Watering during establishment
As a general guide irrigate early morning again for a short period at mid-day and again in the early evening
There are cost effective water timers and sprinklers available from retail outlets.

Quantity
When irrigating, completely wet the root zone rather than just wetting the surface.  To avoid wastage, water should be applied at a rate so that ponding is avoided.  This may require several short bursts of watering rather than a single irrigation cycle.

Watering after establishment
Turf grass is a relatively high user of water. Enough water to completely wet the root zone must be applied at each watering. The frequency of watering will be determined by atmospheric conditions and the water retention properties of the soil. Irrigate before the first signs of wilting to avoid damage to the lawn. A rule of thumb for top quality irrigated lawns is to apply 25 mm per week during the summer months

Weeds
Weeds are all unwanted plants that will colonize your lawn if you engage in bad management practices, for instance, incorrect mowing height and frequency, insufficient or inappropriate watering, the lack of regular applications of or too much fertilizer, or to a much lesser extent insect or disease attack.
When the turf looses its density and uniformity an open sward develops that leaves it wide open to colonization by unwanted weeds. Weeds in turf grasses can be very effectively controlled with the use of herbicides and by implementing a good turf management program.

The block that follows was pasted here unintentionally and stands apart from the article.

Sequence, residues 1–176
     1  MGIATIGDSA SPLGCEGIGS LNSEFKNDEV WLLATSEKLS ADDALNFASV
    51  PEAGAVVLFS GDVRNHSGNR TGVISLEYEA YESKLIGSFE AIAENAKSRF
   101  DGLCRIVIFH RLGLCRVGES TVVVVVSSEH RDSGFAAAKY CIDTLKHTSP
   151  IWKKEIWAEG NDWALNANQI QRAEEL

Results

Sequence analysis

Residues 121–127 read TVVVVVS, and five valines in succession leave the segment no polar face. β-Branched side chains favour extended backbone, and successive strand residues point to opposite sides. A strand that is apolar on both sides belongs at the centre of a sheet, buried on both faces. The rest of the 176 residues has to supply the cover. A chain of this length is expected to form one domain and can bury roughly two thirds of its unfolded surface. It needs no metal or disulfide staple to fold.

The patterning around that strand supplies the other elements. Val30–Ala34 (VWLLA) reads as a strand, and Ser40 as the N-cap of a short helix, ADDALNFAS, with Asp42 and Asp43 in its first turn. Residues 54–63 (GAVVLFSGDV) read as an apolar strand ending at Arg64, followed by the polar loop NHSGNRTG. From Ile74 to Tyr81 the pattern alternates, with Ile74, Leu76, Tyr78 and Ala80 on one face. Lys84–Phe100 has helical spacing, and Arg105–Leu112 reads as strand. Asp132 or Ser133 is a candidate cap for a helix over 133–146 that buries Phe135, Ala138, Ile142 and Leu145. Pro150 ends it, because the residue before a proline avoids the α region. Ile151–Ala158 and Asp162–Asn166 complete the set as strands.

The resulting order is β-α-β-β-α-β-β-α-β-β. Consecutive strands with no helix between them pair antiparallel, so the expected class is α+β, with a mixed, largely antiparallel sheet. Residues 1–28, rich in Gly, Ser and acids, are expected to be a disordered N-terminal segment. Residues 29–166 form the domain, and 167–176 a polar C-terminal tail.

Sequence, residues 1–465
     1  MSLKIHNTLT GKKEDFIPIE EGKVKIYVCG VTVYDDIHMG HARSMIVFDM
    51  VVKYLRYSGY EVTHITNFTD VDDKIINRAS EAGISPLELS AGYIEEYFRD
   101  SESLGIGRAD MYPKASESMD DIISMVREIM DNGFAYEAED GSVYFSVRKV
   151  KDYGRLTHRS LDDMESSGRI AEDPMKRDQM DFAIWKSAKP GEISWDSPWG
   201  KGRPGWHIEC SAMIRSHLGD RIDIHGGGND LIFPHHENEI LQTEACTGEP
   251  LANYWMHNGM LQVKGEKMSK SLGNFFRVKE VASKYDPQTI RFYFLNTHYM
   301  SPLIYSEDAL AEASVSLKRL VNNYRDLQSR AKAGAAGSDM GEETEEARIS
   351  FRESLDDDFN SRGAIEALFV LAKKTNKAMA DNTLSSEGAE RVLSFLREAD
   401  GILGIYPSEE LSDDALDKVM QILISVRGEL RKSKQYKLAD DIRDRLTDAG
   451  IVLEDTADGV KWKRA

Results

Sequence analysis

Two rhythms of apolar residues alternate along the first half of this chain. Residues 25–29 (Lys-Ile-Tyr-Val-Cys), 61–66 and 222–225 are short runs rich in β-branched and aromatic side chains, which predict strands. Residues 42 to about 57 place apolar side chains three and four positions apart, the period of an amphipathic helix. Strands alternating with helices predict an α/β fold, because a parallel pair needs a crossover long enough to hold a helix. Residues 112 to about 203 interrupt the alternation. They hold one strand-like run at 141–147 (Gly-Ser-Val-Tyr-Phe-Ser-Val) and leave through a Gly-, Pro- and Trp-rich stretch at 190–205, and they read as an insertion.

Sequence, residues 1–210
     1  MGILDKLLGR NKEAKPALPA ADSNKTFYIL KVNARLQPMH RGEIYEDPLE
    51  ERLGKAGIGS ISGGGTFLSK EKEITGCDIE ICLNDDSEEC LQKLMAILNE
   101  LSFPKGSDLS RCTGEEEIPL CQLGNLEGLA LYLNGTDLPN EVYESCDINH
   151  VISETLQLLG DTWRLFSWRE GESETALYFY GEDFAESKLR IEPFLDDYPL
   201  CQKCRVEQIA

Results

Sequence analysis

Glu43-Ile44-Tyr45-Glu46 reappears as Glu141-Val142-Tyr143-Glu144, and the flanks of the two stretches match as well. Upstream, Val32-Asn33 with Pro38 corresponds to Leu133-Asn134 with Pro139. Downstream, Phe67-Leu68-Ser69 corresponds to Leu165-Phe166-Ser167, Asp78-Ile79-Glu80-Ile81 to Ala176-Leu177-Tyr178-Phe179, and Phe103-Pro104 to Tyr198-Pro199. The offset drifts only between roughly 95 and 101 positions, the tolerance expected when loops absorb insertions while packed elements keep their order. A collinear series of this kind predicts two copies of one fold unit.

To correctly apply herbicides is a skilled job that requires a good understanding of their application and mode of action as well as the correct identification of the particular weed to be eradicated.  There are many herbicides that can successfully remove weeds, both broad leaf and weed grasses from lawns, however if you are not experienced in turf care, consult an expert.

When applying herbicides always:

  •   Read the manufacturer's instructions on the label
  • Follow all safety and application instructions
  •  Wear safety equipment as required
  • Use a calibrated sprayer


Insect Pests
The most frequent encountered insect pests in Durban are;
   
Army worm and lawn crickets that require specific insecticides to eradicate.

As with weed control, there is a large range of insecticides on the market. 

When applying insecticides always:

  • Read the manufacturer's instructions on the label well
  • Follow all safety and application instructions to the letter